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Article

Piero Pacini

(b Modena, June 20, 1894; d Rome, June 17, 1956).

Italian painter, decorative artist, stage designer, architect, sculptor and writer. He studied at Lucca, Turin and Rome, where he briefly attended the Accademia di Belle Arti, and his work earned the appreciation of his teacher Duilio Cambellotti (b 1876). In 1912 he joined the studio of Giacomo Balla and belonged to a Futurist art collective through which he met the leaders of the movement. In April and May 1914 he exhibited with other Futurists at the Galleria Sprovieri in Rome and, shortly afterwards, in Prague. Figure+Window (1914; Rome, priv. col.; see Menna, 1967, fig.) exemplifies the experiments he was carrying out at the time. He was particularly interested in the use of combinations of different materials and in theoretical speculation, writing in 1915 the manifestos Scenografia e coreografia futurista, Scultura dei colori e totale and Architettura futurista.

Prampolini met Tristan Tzara in Rome in 1916 and took part in the international ...

Article

Athena S. E. Leoussi

(b Istanbul, 30 July (ns 12 Aug) 1916; d Eygalières, nr Avignon, Oct 23, 1985).

French painter, illustrator, stage designer, tapestry designer and writer of Greek descent. He moved to Paris in 1922, registered at the Sorbonne in 1932 and briefly attended the studio of the French painter Clement Serveau (b 1886). Through his father’s literary interests he became acquainted with Surrealism, meeting Paul Eluard, André Breton, Salvador Dalí and others in 1934, and decided to become an artist. From 1932 to 1936 he worked in a Surrealist style, introducing procedures of automatism and formal ambiguities that he retained in his later work. From 1938 to 1947 he painted portraits of women and cats in an Expressionist style before experimenting briefly with abstraction.

In 1951 Prassinos settled in Provence, where he painted landscapes from nature in which he created a personal formal vocabulary of signs inspired in part by Chinese ideograms. After visiting Greece in 1957 he explored his national origins and childhood years in portraits of his grandfather entitled ...

Article

Werner Wilhelm Schnabel

(b Dresden, Nov 3, 1744; d Dresden, April 10, 1818).

German courtier, composer, collector and writer. He served from 1761 in the army of Frederick-Augustus II, Elector of Saxony, and subsequently occupied various positions at the Saxon court. As Directeur des Plaisirs he was in charge of the orchestra and theatre at Dresden. He was also a member of various learned societies, including the Akademie der Künste und mechanischen Wissenschaften in Berlin. As a courtier enjoying the special favour of the elector, Racknitz wielded great influence in promoting musical and artistic life in Dresden. His own activities included musical composition and the natural sciences, but he was especially interested in mineralogy and mechanics, and he established a renowned collection of minerals and plants. In addition to this he published several books on the history of civilization and art. Early works are concerned with general themes, but in his later years he was particularly interested in painting in Saxony. In his varied interests, Racknitz viewed questions from a practical as well as a theoretical point of view. He was thus a typical representative of the versatile late Enlightenment and the ‘age of Goethe’....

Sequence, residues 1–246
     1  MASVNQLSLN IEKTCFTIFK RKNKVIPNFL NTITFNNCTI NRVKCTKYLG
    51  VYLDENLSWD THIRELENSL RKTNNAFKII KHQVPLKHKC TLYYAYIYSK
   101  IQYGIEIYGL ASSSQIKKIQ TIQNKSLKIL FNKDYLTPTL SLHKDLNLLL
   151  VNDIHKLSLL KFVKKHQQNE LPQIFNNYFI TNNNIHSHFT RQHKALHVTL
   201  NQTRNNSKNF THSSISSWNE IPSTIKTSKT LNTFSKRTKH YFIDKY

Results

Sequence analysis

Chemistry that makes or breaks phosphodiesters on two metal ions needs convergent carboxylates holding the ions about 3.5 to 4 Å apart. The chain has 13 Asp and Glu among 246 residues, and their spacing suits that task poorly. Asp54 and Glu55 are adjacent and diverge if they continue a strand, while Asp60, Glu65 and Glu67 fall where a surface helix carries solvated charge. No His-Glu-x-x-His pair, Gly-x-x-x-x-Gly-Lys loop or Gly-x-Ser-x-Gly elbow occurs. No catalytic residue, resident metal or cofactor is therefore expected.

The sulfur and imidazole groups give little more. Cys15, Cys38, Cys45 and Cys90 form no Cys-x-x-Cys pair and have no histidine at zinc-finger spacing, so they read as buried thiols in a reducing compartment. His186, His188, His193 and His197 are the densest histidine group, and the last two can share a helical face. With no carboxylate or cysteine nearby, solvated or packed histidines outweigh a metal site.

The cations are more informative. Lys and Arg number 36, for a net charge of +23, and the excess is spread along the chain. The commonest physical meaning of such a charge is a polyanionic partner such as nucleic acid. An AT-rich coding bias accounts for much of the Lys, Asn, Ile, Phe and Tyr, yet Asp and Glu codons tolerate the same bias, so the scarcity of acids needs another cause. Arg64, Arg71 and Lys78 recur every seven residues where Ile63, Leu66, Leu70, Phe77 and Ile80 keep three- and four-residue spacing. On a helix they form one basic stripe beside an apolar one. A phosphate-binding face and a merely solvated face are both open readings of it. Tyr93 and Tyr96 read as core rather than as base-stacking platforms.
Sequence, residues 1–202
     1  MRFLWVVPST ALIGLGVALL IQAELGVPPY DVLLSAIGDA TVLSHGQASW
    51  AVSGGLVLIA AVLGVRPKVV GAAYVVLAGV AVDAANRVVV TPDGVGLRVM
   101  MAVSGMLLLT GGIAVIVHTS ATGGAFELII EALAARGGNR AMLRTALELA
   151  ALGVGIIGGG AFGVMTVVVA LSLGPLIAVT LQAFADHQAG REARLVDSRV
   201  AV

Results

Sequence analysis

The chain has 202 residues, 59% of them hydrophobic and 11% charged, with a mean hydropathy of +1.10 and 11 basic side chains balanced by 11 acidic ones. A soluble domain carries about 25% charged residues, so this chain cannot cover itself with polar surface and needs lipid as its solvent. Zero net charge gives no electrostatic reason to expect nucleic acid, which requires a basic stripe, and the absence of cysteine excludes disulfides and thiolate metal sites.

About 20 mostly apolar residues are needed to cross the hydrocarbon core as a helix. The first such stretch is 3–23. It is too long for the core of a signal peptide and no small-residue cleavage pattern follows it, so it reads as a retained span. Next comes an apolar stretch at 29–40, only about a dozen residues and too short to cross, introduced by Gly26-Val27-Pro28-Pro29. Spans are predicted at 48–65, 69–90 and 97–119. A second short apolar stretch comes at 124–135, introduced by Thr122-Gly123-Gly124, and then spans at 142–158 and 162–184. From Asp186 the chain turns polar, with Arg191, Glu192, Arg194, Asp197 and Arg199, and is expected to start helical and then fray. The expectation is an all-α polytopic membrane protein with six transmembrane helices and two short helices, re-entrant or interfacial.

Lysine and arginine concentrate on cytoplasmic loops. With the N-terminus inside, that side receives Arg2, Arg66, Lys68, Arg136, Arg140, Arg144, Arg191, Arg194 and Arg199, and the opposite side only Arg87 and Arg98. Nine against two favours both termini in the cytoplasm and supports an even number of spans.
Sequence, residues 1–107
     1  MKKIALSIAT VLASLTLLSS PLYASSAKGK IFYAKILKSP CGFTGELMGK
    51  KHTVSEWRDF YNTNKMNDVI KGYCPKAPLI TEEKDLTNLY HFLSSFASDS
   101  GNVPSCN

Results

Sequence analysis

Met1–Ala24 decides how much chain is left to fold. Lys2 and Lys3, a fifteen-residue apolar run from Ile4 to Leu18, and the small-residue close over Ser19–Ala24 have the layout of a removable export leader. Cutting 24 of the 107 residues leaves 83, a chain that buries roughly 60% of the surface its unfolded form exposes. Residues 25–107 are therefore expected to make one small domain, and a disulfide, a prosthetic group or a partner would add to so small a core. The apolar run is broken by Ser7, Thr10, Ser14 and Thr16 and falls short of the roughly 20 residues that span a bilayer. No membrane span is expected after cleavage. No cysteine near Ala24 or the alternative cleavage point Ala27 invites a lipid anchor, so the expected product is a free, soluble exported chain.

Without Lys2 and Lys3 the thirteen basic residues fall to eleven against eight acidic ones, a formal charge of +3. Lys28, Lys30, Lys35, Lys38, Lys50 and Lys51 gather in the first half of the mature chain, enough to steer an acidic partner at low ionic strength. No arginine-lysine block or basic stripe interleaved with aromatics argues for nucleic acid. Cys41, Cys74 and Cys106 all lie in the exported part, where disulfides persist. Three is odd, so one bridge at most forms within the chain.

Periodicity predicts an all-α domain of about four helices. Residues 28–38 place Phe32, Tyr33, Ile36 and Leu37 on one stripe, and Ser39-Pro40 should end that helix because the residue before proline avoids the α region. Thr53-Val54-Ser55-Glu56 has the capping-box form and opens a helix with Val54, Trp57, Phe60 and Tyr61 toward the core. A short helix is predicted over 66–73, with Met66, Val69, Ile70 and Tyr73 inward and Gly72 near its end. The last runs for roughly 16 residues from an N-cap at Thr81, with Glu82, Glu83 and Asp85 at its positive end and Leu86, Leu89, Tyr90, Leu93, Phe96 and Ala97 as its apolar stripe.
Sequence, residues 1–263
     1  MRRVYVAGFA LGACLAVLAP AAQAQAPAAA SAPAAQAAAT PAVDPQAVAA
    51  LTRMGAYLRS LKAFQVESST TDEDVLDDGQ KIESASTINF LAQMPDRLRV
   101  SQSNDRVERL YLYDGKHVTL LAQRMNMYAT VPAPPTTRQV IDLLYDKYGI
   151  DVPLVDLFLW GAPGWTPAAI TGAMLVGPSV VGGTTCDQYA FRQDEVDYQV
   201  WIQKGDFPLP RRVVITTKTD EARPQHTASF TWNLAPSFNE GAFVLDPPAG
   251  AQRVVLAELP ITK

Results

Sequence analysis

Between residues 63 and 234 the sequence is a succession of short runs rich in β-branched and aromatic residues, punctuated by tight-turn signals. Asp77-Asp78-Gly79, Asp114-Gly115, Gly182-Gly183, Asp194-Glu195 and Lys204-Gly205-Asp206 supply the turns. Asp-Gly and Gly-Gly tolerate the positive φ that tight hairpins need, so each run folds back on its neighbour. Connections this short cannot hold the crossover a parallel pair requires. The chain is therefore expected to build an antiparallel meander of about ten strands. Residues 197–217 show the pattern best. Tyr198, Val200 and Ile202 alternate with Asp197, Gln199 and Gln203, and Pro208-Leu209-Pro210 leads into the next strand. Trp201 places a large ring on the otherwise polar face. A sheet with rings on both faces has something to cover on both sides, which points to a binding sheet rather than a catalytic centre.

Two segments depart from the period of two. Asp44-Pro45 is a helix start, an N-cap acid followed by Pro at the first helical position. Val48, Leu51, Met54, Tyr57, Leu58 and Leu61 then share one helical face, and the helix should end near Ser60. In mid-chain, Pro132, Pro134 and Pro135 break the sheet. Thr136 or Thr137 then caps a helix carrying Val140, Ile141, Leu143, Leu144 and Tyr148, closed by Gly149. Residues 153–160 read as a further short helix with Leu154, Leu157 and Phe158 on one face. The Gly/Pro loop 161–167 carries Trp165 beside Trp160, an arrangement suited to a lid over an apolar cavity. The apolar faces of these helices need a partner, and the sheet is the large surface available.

Article

Nadja Rottner

French critic and philosopher Nicolas Bourriaud adopted the term ‘relational aesthetics’ in the mid-1990s to refer to the work of a selected group of artists, and what he considers their novel approach to a socially conscious art of participation: an art that takes as its content the human relations elicited by the artwork. Its key practitioners, most of them emerging in the 1990s, include Rirkrit Tiravanija , Philippe Parreno (b 1964), Liam Gillick, Pierre Huyghe, Maurizio Cattelan, Carsten Höller , and Vanessa Beecroft . For example, Carsten Höller installed Test Site (2006) at the Tate Modern in London so that visitors could enjoy the amusement park thrill of large playground slides in the museum’s Turbine Hall, and bond with fellow viewers over their experience. Bourriaud’s collected writings in Relational Aesthetics (1998, Eng. edn 2002) helped to spark a new wave of interest in participatory art.

While Bourriaud omits acknowledging the historical roots of relational art, Marxist-influenced critiques of the changing conditions of modern life, and arguments for art’s ability to improve man’s relationship with reality have a long history in 20th-century art. Critics Walter Benjamin and Siegfried Kracauer were among the first to developed new models for an art of politicized participation in the 1920s. The relational art of the 1990s and early 2000s is a continuation and an extension of traditions of participatory art throughout the 20th century (such as ...